"Never believe that a few caring people can't change the world. For, indeed, that's all who ever have." Margaret Mead
The mass shooting in Orlando has brought out the best and worst in people. Some continue to hate the LGBT community and some have turned to love: line-ups of people donating blood, people contributing money to assist the loved ones of those who were lost and to support those who survived.
Those who hate never cared in the first place and their minds will not be changed.
We cannot legislate acceptance.
For me, the shooting brought back memories - losing many beloved friends in the 80s to HIV. Back then it was a trickle: whisperings about who was sick or who had passed away. Orlando is a tsunami by comparison, but the pain is as palpable as those old days when we attended funeral after funeral over the years. Bright, beautiful gay men lost to an illness we didn't really understand very well.
Back then the responses were not much different than today - those who choose to love and those who choose to hate. AIDS was seen by many (and perhaps still is) as God's punishment against the sinful. But there were those that embraced us and cared for us in spite of fear.
The similarities between then and now are that both instances have the opportunity to be catalysts for change. The early days of AIDS saw an awakening of a movement that insisted on treatments and care. Perhaps Orlando will be a catalyst to change gun laws.
Human beings don't like change - in many cases we resist it. In the United States the gun culture will take a long time to be broken down. With AIDS it was much the same - people didn't really care if a bunch of hookers and homos died, but the persistence of the activists made change inevitable.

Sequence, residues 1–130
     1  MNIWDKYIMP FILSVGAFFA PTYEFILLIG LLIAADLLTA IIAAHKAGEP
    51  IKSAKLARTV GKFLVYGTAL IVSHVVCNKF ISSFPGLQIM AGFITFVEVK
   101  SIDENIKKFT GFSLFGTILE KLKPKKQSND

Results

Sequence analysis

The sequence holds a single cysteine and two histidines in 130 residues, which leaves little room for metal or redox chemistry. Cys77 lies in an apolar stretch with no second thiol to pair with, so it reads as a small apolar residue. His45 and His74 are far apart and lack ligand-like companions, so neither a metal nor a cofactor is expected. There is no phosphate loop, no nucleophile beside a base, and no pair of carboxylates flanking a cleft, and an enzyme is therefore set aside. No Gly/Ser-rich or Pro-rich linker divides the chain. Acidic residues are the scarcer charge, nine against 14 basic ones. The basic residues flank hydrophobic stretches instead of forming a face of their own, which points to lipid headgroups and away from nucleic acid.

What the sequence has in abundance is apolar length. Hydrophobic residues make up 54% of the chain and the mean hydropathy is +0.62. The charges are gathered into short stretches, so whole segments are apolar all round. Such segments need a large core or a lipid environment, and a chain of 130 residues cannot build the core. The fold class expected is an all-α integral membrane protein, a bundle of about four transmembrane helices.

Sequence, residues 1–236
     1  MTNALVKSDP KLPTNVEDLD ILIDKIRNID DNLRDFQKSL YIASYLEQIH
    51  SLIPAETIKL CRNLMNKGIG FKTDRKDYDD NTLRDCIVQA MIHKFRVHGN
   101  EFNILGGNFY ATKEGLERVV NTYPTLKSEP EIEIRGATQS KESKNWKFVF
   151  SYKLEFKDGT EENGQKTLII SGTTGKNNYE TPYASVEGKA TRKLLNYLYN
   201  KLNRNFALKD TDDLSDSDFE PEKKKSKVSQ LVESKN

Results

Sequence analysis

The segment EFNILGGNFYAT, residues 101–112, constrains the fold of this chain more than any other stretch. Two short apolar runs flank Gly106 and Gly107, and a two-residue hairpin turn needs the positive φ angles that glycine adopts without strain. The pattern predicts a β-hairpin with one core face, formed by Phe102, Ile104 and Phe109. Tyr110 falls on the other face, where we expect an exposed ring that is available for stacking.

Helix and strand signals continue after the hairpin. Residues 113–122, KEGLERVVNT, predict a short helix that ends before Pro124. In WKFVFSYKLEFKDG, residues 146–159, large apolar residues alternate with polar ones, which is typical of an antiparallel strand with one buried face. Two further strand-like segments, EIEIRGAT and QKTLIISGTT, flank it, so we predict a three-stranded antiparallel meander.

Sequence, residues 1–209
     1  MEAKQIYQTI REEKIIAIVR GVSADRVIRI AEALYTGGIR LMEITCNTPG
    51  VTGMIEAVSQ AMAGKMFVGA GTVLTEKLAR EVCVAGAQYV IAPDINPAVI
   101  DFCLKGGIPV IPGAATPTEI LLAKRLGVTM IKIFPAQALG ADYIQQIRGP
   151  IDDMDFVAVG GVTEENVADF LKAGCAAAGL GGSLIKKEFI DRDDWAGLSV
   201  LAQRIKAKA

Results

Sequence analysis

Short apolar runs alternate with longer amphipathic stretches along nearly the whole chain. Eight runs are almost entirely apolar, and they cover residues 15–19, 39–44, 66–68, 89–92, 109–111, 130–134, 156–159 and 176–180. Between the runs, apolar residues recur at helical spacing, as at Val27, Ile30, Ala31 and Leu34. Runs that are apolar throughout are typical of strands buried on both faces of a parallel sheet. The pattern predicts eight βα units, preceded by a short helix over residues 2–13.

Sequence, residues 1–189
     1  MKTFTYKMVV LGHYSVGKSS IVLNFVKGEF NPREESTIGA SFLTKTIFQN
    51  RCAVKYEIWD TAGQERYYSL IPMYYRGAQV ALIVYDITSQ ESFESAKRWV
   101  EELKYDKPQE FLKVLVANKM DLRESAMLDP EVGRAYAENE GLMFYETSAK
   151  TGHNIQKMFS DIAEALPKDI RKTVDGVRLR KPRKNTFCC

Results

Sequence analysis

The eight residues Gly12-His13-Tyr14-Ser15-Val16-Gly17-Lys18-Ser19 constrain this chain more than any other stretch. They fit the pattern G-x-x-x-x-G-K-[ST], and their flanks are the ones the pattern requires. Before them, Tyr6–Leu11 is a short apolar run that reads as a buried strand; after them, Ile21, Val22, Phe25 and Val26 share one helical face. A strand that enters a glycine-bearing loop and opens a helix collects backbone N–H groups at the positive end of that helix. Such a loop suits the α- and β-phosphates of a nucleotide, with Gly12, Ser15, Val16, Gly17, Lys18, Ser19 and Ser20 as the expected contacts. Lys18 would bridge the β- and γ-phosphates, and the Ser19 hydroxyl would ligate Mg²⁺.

Even in Victoria we saw a shift. The Pride flag was raised and lowered to half mast. My own little somewhat conservative municipality of Esquimalt now has a Pride flag (at half mast). The township responded quickly to be a part of the love that needed to be expressed toward a whole community of people who were affected by tragedy. More and more we see places moving forward to where all people are important in the fabric of community. It's a colourful fabric and more people we include the more vibrant it becomes.
These small things - Pride flags being lowered, vigils held, mayors and politicians and celebrities speaking out across the planet, rainbow colours decorating monuments are of immense importance. During the 80s, there was little of that support, but perhaps the AIDS movement itself was a catalyst that lead to what has been happening following Orlando.
I live far away from Orlando, and yet it is my own backyard. When I was young, like so many of those murdered, I danced in a gay nightclub and was "at home". I didn't have to fear holding my lover's hand or kissing him in front of other people, because we all belonged.
The killer in Orlando wants to turn back the clock to those years where LGBT people lived in fear of violence and hatred. Some religious leaders agree - gays are better off dead. It is the strength and resilience of our community that will bring about the change that we need.
In the face of hate LGBT people have stood up and proudly said "no". We've done it countless times before and we'll do it countless times again...